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MDOs to refund GPs thousands of pounds due to state-backed indemnity scheme

Medical defence organisations will partially refund GPs for subscription fees they have already paid this year, due to the introduction of the Government-backed indemnity scheme next month.

The NHS indemnity scheme for GPs, which will be implemented from 1 April, will cover all future clinical negligence claims for NHS work - but GPs are still advised to maintain membership with an MDO for claims that fall outside of the scheme, such as for private work.

MDOs have previously said they will reduce annual fees when GPs come to renew their membership because they will no longer be providing cover for NHS work.

But the defence organisations have now confirmed they will also be refunding some of the fees GPs had already paid this year to cover them beyond April - in some cases more than £2,000, for Medical Protection Society members.

Meanwhile, the Medical Defence Union - which already reduced its membership fees by half in 2017 when the NHS scheme was announced - has revealed it will cut its membership fees further so they are around 85% less than the amount paid in 2017.

And the MDDUS said some GPs will see their annual subscription fees fall by 90%.

According to the MPS, GPs who have paid their annual subscription in full (£8,000) in August 2018 will be reimbursed £2,400 in April to adjust their payment.

MPS chief executive Simon Kayll said:Most members can expect to receive a significant reduction and in some cases they may be eligible for a partial refund on their current year’s subscription.

’A GP’s subscription will depend on a number of factors including the amount of private or fee paying work they undertake and the number of sessions they work. As an illustration, a GP working eight sessions can expect their subscription to be less than £800. This subscription includes advice and support with medicolegal issues from their NHS and private work as well as our 24 hour medicolegal advice line and risk management support.'

Mr Kayll pointed out that MPS members carrying out 'fee paying or private work they would need to add protection for any claims that may arise from this activity'.

'The cost of this additional claims protection is dependent on their earnings from private or fee paying work,' he said. 

'GPs can earn up to £2,500 from standard GP fee paying work for a subscription cost of £90. We expect that this will be adequate for many MPS members,' he added.

The MDDUS also confirmed to Pulse that some GPs will be eligible for a partial refund, but could not provide figures as the ’subscription reflects the GP’s individual circumstances’.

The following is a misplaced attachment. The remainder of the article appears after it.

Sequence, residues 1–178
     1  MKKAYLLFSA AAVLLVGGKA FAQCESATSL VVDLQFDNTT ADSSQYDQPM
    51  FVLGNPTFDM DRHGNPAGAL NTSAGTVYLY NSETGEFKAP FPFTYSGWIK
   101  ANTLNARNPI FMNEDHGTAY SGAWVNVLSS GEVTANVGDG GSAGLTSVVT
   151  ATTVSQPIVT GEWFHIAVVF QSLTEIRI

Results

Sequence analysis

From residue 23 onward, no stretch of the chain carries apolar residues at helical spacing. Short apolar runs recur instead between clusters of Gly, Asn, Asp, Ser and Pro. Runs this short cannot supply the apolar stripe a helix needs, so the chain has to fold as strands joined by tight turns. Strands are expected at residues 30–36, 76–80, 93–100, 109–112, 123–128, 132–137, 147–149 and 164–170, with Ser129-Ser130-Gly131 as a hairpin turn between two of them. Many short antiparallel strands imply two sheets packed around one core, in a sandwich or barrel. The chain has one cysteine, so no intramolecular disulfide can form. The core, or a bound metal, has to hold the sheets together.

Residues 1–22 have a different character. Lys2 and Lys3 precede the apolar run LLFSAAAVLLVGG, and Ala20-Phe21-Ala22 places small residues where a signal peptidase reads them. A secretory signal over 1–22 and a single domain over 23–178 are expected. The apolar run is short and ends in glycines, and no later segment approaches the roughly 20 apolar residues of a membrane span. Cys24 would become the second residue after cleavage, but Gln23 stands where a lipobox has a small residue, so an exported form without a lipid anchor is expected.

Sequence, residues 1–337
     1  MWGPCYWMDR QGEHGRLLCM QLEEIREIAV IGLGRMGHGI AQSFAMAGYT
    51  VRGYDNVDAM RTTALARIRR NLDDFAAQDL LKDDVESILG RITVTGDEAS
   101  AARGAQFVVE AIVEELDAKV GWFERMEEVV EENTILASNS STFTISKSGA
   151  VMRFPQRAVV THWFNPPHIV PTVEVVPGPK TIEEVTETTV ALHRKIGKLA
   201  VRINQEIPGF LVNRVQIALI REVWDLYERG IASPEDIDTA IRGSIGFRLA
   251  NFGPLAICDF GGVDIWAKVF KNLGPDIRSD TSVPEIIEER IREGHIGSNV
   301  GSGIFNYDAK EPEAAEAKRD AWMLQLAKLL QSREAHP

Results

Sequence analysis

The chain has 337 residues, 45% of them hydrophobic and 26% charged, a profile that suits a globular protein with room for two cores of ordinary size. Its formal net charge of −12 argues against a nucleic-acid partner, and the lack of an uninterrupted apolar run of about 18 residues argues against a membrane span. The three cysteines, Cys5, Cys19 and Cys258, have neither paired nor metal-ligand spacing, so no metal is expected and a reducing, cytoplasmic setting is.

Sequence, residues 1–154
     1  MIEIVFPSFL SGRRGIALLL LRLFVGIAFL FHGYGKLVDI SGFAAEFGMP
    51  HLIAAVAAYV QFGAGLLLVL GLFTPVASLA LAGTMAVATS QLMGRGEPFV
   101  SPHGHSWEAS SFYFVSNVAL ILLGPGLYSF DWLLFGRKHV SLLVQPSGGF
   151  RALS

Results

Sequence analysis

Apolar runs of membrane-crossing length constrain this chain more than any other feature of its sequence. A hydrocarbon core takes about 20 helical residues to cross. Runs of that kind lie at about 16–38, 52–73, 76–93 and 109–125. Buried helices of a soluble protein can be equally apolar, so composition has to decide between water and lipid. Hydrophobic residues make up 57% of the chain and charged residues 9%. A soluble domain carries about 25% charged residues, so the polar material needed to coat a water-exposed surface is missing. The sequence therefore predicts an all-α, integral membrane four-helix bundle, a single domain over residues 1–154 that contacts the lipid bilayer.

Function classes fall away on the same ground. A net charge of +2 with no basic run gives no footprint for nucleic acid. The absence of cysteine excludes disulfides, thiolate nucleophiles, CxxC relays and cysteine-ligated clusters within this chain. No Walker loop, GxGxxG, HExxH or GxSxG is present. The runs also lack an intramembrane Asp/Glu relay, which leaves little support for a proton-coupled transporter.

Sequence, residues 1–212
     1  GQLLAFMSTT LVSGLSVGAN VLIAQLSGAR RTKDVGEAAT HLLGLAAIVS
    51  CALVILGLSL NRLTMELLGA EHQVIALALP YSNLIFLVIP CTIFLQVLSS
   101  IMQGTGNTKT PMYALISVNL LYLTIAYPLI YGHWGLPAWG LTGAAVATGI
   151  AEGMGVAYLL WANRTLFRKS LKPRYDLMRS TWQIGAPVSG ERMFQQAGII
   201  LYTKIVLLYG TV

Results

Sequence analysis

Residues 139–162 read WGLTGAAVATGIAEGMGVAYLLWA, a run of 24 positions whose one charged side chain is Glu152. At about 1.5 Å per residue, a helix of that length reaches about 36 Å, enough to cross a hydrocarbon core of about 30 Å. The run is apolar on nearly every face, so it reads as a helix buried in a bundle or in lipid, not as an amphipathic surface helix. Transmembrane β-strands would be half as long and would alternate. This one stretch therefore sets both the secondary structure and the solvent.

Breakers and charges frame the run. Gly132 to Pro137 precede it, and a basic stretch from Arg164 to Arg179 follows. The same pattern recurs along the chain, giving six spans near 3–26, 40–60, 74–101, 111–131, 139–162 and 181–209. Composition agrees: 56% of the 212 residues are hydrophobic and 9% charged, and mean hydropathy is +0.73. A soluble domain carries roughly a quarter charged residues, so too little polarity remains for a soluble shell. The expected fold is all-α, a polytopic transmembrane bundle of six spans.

MDDUS chief executive officer Chris Kenny said: ’As our GP members require benefits for fewer services and a much lower risk it is inevitable that their fees will reflect that change.

’In some cases, GP members will be paying approximately 10% of their previous amount to continue their membership with our new product. Fees will reflect individual circumstances and the level of cover required for the services the GP is providing.’

An MDU spokesperson said: ’NHS GP members working in England and Wales can expect to benefit from very significantly reduced subscriptions with the introduction of state-indemnity for NHS claims, even compared to the MDU’s previous Transitional Benefits rates which themselves around 50% below our previous occurrence rates.’

’Our new subscriptions are typically 80-85% below the subscriptions in place in 2017 when state indemnity was announced.

The Department of Health and Social Care announced the state-backed scheme in October 2017 after acknowledging the cost of medical negligence cover was affecting GPs’ ability to work. Then health secretary Jeremy Hunt said at the time that it will be ‘more affordable and reliable’.

It followed pressure from the profession and Pulse who argued that indemnity costs were ‘killing’ general practice.

Last month, the Government revealed plans to overhaul clinical negligence cover for claims that fall outside of the new NHS indemnity scheme. It said it wants to see new rules brought in that mean MDOs are contractually obligated to take on cases - instead of the current situation where they can refuse to do so under certain circumstances.

In response, MDOs warned the proposals will increase costs ‘substantially’ for GPs.

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